The result, Mr. Talwar says, is the elimination of the “lottery” of holding huge stocks of components and trying to anticipate customer requirements. “It has instead provided substantial flexibility, which has significantly contributed to our aim of continuous improvement,” he says, “including on-time deliveries and excellent customer service.”
They say necessity is the mother of invention. CMP’s requirement forced the team to prove that there are ways other than volume to make multi-spindle technology efficient and cost-effective. It was done through collaboration, working as a team to seek and find support and deliver a practical solution. For more information from Wickman Machine Tool, call 847-458-6400 or visit wickman-usa.com. For more information from CMP, visit cmp-products.com.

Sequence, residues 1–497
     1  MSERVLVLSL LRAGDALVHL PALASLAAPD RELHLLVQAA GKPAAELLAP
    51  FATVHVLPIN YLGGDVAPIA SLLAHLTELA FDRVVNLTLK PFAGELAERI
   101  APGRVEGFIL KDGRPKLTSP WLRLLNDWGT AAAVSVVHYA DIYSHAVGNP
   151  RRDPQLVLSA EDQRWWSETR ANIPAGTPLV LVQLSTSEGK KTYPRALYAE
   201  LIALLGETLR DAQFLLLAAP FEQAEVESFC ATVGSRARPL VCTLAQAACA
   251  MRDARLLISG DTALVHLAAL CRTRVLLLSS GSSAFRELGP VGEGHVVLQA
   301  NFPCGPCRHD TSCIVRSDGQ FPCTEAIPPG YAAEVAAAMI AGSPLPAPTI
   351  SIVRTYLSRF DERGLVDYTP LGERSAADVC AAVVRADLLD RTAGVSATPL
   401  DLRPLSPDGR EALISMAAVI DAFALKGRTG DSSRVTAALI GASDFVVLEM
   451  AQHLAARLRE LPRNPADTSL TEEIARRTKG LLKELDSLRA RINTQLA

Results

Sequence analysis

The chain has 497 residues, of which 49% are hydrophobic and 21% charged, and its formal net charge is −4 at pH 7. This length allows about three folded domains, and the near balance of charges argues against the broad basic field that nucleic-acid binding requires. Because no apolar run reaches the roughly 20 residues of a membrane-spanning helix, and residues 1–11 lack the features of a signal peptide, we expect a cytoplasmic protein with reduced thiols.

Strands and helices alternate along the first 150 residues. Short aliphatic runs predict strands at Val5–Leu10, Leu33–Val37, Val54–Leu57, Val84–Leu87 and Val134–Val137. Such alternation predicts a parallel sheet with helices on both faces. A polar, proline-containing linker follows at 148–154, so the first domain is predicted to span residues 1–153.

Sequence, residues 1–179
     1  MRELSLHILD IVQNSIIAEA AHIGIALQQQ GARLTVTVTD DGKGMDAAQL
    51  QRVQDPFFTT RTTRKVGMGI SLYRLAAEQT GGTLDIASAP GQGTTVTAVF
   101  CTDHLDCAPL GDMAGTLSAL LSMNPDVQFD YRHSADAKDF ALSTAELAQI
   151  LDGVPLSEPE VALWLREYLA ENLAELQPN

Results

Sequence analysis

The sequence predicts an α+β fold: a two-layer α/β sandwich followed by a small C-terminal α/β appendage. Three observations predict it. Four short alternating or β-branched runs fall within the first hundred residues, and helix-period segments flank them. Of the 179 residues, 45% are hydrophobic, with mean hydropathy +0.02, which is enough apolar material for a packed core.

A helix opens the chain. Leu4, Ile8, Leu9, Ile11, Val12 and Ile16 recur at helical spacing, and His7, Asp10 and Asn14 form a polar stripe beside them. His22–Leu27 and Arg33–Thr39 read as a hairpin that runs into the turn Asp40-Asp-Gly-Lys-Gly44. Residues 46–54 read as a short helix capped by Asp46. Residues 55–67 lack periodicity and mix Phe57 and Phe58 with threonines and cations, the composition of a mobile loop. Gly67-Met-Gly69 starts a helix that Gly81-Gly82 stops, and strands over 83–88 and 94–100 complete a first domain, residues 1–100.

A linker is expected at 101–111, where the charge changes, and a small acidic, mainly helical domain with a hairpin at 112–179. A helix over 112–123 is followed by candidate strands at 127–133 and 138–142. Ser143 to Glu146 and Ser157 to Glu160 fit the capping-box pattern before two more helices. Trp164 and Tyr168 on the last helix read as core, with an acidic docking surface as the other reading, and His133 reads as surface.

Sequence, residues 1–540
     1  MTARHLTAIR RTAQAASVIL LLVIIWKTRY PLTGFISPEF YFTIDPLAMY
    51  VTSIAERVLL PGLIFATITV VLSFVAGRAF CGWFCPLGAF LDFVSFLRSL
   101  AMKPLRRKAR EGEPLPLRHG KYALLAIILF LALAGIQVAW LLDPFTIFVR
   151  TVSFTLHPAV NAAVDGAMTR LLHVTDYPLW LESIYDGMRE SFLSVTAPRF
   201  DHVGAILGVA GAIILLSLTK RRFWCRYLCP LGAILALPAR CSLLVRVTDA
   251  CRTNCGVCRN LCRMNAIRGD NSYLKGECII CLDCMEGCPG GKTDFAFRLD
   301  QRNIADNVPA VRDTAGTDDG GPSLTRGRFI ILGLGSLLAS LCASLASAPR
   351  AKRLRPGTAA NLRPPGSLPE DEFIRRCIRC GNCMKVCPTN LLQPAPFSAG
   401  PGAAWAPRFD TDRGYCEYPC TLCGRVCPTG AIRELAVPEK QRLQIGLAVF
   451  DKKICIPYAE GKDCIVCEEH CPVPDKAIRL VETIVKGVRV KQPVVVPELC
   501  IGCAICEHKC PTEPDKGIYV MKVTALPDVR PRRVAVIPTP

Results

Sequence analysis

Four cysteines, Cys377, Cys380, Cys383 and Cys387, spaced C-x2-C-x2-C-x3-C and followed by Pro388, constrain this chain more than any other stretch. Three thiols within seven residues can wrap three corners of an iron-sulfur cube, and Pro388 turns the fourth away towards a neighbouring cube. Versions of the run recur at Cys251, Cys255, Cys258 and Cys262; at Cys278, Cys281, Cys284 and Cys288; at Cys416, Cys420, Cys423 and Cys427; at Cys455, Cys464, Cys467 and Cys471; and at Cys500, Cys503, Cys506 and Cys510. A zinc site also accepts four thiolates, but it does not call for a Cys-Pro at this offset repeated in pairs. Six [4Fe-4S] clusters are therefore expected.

Chris Barrett is managing director of Wickman U.K.
As the volume production market migrates from mechanical multi-spindle machines, builders are creating machine tool technology tiers that apply the correct level of cost and capability to the application.
This small shop has a large presence. CNC is playing a significant role in the company’s ability to deliver parts for the big stage.
Advances in technology can be disruptive. However, some advances can provide new possibilities for existing methods and tools leading to leaps forward in efficiency and effectiveness.